Whatever the cause, still a tragic loss.
 
#30
just thinking back to my younger days when I used to sit at my desk in my room on my PC 80486 playing "Falcon" dreaming of being a pilot.

Nowadays, pilots don't have to leave their rooms to fly aeroplanes either.

Now that's what I call a Full circle!
 
#31
Stretching my memory back a bit I seem to remember that the minimum eject height equals one tenth of the rate of descent. So I don't know what speed the jet would have been doing on the descending bit of the loop but even if he was going at only 200kts (slow) his minimum ejection height would have been 2000' MSD. Couple that with an built in reluctance to bang out as long as the jet can be saved and some pilots simply leave it too late. However the BoI will no doubt determine the cause of the problem and why no bang out.
Whatever the cause, still a tragic loss.
I thought these new seats allowed the pilot to 'bang out' at zero feet and still live. Every days a lesson.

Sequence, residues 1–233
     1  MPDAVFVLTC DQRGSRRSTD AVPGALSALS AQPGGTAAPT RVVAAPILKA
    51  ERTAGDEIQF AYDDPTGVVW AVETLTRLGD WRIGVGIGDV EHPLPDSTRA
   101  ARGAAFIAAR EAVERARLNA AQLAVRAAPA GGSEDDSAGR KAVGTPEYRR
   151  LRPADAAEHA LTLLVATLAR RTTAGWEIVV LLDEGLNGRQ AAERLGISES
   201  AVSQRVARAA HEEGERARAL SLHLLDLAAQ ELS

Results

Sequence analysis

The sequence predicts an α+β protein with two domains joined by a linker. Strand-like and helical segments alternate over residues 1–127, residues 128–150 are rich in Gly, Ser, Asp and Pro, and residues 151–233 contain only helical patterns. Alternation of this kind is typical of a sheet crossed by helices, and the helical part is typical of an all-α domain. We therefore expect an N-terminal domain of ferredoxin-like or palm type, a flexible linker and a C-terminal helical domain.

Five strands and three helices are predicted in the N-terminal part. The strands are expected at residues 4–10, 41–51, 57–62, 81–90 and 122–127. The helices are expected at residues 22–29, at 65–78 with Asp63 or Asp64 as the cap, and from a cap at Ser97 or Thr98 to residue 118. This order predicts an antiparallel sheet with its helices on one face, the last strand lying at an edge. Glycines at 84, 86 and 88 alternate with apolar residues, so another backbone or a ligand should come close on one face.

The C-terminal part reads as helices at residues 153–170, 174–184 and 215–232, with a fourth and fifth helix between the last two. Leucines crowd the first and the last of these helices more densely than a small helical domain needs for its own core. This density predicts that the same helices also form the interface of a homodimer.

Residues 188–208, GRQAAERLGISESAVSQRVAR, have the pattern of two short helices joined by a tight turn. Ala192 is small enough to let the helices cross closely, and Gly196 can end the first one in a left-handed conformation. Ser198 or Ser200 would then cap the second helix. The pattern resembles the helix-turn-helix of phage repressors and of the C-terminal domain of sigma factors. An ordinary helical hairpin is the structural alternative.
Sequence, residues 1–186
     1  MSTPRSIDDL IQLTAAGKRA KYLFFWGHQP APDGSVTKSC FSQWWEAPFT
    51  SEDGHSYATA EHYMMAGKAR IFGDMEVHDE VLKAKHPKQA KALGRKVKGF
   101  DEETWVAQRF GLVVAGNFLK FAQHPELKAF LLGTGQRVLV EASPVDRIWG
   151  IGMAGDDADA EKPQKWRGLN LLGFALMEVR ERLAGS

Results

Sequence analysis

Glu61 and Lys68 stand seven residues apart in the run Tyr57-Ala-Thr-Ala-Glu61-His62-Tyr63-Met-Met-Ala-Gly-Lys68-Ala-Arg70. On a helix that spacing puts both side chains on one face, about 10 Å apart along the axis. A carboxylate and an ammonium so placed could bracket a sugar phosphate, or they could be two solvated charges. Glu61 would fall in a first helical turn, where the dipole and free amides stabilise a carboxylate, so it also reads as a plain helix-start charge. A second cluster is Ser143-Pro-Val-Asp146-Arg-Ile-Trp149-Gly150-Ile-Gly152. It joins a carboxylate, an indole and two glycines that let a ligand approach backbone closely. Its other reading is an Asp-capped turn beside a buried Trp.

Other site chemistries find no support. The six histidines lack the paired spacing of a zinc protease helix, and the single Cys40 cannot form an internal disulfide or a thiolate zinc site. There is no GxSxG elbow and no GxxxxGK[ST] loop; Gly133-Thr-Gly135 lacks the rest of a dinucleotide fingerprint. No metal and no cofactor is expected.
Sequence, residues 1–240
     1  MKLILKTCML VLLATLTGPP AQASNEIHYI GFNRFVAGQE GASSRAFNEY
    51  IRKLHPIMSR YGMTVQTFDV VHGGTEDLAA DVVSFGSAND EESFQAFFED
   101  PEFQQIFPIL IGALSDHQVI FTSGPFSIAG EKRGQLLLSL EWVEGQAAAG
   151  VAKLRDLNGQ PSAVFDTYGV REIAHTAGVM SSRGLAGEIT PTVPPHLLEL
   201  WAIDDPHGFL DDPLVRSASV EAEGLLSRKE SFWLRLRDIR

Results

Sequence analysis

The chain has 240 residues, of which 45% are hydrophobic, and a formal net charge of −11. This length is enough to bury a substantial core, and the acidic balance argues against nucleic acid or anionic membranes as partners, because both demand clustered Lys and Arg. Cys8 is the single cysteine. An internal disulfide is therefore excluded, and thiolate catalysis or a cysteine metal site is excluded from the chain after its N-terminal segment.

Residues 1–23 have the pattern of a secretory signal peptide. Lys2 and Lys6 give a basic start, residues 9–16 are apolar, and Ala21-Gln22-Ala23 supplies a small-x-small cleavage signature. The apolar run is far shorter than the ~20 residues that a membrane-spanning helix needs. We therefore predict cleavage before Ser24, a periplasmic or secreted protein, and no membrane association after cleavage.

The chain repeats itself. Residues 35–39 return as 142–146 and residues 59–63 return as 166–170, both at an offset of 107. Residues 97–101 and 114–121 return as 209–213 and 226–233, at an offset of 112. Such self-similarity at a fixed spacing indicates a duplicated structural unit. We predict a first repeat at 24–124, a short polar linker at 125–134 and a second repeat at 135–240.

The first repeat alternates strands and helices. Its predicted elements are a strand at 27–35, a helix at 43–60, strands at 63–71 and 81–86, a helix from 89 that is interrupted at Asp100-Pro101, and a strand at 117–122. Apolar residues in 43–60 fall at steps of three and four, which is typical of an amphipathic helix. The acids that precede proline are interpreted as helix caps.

#32
The seat has to be initiated first, so the jockey has to, at least, pull the handle and get the canopy blown off, to get the seat charge initiated, or he gets ejected through the perspex, with the seat's own canopy breakers breaking it open or the perspex being blown apart by a wired-in charge. Modern seats will save a pilot at zero-zero and even from being upside down. See the Russian K36 seats as an example.
 
#34
The F35b seat automatically bangs you out if the lift fan fails.
 
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Auld-Yin

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#35
The F35b seat automatically bangs you outif the lift fan fails.
Pilot will need to ensure no dangly bits are hanging around when all of a sudden he unexpectedly finds himself leaving the aircraft at a rapid rate of knots!
 
#36
Pilot will need to ensure no dangly bits are hanging around when all of a sudden he unexpectedly finds himself leaving the aircraft at a rapid rate of knots!
If the lift fan fails your fucked either way.
 
#38
I thought these new seats allowed the pilot to 'bang out' at zero feet and still live. Every days a lesson.
Zero/zero doesn't guarantee getting out if sink rates are above 80' ps.